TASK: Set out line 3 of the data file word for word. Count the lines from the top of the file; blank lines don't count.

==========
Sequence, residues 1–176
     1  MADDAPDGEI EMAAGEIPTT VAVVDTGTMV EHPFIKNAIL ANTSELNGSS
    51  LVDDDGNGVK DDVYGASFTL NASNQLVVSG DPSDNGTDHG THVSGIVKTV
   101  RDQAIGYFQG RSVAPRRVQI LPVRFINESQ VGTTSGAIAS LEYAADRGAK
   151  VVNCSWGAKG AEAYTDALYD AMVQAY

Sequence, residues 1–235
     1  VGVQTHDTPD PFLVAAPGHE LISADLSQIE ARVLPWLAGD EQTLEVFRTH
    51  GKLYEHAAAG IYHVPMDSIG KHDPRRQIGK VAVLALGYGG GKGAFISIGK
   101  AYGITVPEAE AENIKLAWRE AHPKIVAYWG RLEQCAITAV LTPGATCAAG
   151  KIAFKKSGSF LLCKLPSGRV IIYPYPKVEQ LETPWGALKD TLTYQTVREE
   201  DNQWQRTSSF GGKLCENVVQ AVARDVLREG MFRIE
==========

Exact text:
    51  LVDDDGNGVK DDVYGASFTL NASNQLVVSG DPSDNGTDHG THVSGIVKTV